Reason for a Royal Birkdale Golf Club review
My colleague Tom Irwin and I somehow blagged our way into a qualifier for the Turkish Airlines World Cup. So only a month after Jordan Spieth lifted the Claret Jug on the 18th and with the grandstands barely dismantled, we pitched up planning to make our own mark on this ten-time Open venue.
Where is Royal Birkdale?
What to expect
Brilliance, to put it simply. As seaside links go, Royal Birkdale pretty much tops the pile.
You’ll hit through valleys between giant sand dunes – nowhere is this seen more pleasingly than the 17th – and you’ll find it impossible not to recreate those magic moments that echo everywhere here.
I would have tried everything bar Spieth’s practice round heroics on 13 if I’d had the chance.
Make a pilgrimage to the plaque, to the right of the fairway on the 16th, and marvel at the miracle shot Arnold Palmer played from a bush on his way to winning the Open in 1961.
If you love links golf – I mean really love it – this is all of your dreams come true. It’s considered the fairest of Open tests and there is definitely something in that.
With the exception of the ninth – a quite evil hole in its difficulty – there’s relatively few blind shots to confuse you. The bunkers aren’t particularly hidden. Much of what you’ll need to negotiate is spread out in front of you.
If you find the fairway, you’ll generally stay there. Good shots are largely rewarded. But here lies Royal Birkdale’s sting in the tail.
The way to succeed here is to plot your way around – play almost defensively. Find the fairways, keep out of trouble and resist the urge to be cavalier. If you do that, you can score.
Nothing good, though, comes from finding the fescue – or the rough. Or the bunkers. I speak from experience.
Royal Birkdale label this as one of the ‘world’s finest golf experiences’. This is not an exaggeration.
My best bit
Striping a hybrid off the first tee into the middle of the fairway – finding a strip of grass that had eluded so many of the world’s best during Open week – was an exhilarating experience.
If only I hadn’t still had 250 yards to the green! I particularly enjoyed getting out of the front bunker at the fourth – splashing a sand wedge to six inches as I parred three in a row.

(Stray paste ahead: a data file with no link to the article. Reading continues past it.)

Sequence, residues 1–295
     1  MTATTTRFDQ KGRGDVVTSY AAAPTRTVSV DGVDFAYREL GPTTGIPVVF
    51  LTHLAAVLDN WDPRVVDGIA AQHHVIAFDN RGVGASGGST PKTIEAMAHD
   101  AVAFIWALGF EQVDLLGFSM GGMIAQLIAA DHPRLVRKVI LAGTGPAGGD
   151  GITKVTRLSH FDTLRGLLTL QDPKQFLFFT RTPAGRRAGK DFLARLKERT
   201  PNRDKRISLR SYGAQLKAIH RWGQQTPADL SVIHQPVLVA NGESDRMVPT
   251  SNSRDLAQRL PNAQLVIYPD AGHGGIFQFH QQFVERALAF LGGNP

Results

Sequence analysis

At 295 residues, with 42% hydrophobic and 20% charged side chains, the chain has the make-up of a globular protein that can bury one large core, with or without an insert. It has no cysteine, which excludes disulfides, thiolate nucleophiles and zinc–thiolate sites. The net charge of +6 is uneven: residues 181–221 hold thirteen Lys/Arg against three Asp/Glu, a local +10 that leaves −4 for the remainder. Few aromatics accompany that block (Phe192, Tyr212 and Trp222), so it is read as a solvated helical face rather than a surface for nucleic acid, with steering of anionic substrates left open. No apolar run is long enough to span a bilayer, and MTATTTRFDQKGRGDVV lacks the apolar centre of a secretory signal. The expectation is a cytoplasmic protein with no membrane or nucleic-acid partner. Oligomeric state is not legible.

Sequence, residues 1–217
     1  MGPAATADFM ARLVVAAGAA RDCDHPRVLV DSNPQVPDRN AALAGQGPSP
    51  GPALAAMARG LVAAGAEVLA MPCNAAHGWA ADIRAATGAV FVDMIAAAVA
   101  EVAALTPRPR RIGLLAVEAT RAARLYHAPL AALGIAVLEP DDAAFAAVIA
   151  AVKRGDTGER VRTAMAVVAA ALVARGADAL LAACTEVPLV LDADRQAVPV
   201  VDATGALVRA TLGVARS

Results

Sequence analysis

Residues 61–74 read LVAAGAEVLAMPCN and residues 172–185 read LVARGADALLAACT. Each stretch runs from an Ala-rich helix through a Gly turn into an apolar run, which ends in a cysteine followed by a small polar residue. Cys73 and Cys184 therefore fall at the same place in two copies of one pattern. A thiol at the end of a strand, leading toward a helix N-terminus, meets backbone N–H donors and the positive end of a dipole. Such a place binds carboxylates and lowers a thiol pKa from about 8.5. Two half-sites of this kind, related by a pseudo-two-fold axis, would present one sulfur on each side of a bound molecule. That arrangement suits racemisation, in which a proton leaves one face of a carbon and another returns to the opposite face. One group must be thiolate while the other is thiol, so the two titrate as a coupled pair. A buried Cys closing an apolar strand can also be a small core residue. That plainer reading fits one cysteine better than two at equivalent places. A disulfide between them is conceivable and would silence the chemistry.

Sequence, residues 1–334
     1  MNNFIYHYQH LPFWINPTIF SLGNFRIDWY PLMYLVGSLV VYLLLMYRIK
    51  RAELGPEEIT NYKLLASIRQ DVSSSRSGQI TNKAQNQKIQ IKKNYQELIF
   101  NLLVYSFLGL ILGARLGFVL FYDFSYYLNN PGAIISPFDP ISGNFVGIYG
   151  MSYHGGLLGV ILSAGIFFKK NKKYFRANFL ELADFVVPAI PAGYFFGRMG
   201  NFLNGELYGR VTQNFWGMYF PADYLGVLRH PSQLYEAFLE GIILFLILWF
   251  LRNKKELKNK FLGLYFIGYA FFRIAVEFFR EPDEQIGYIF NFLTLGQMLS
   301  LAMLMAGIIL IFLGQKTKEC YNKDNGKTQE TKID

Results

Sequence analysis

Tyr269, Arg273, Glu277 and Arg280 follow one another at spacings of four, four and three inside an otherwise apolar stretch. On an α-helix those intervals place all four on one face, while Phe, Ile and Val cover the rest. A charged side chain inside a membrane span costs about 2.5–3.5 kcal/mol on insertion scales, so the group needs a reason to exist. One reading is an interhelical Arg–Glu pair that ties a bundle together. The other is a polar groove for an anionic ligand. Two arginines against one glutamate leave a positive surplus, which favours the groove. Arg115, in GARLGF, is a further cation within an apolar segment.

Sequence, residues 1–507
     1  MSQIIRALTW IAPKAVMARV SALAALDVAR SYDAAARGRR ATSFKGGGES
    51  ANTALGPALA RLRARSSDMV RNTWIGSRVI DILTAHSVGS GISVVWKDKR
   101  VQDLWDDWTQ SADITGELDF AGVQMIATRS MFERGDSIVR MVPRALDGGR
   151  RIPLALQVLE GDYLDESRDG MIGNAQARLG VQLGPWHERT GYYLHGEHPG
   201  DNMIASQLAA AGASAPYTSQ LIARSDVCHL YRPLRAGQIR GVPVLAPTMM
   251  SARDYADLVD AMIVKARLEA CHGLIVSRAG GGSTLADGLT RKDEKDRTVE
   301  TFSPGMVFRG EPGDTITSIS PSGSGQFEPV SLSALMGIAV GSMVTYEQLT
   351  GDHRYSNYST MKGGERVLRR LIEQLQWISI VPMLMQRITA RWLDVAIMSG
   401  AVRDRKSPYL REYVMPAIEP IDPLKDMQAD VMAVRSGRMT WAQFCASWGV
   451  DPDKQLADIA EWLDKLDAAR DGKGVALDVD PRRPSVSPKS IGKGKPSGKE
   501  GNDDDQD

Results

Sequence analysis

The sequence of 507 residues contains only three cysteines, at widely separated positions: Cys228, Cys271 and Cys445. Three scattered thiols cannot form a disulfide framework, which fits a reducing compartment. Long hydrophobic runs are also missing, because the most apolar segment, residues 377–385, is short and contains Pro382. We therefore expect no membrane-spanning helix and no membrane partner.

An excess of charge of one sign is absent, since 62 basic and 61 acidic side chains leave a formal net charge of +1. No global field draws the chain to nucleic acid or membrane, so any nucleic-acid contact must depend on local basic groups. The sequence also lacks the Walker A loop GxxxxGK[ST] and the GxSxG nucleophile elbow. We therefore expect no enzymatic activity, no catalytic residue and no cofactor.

But the 12th at Birkdale is a truly beautiful par 3 with the green looking miniscule behind the four bunkers guarding the front.
I didn’t hit the smoothest of tee shots and had a curling 15-footer left for par. I couldn’t help but give it a big fist pump when it found the bottom of the cup.
You’d expect me to say the 18th and it is a spine-tingling feeling hitting your approach to the green in front of that famous Art Deco clubhouse. You would be wrong.
I loved the vantage point of the 13th during the Open and it was just as good playing it. It’s quite a sight looking down the fairway of this par 4 with most of the course stretching out in front of you and the white flecks of the clubhouse shining at you in the distance.
The view’s great and the hole is not bad either.
This is partly down to the bunkering – there are 11 of them lining the way at various points of this 422 yarder and if you find one, as I did after a vicious kick left from a fairway bound drive, then accept that it’s going to be a full shot penalty. Those who go further left will find a narrow stream running down to about 40 yards out.
You’ve got to hit the green in the right spot too. A tough bounce here and you’ll be flying off the back and into some deep stuff on a steep bank.
What to look for
Probably the most difficult opening hole on the Open rota. It’s 450 yards off the blues and an absolute monster.
If you play a lot of classic designs – think Harry Colt and Alister MacKenzie – you’ll know they generally gave you a chance to ease your way into a round.
So you’d get a gentle opener before you tackled the rougher stuff. Not at Royal Birkdale. You can destroy your scorecard here with a couple of errant shots off the first tee.
The fairway’s tight on either side – out of bounds running all the way down the right and some thick foliage on the left that’s just as dangerous.
Even if you manage to negotiate this stage, you’ll have to find a green that’s partially hidden by a 50-yard mound and protected by three bunkers. The putting surface slopes away from you at the back and that’s no easy up and down either.
It’s not even stroke index one, either. It’s 11. I didn’t even get a shot!
When I go back
I’ll avoid all temptation to cut the corner on the fifth once again. After finding the pond ruined what had been a decent start – I was one-over gross up to that point – I realised I’d made a massive mistake and never really recovered. I have learned my lesson.
For more information, visit the Royal Birkdale website.
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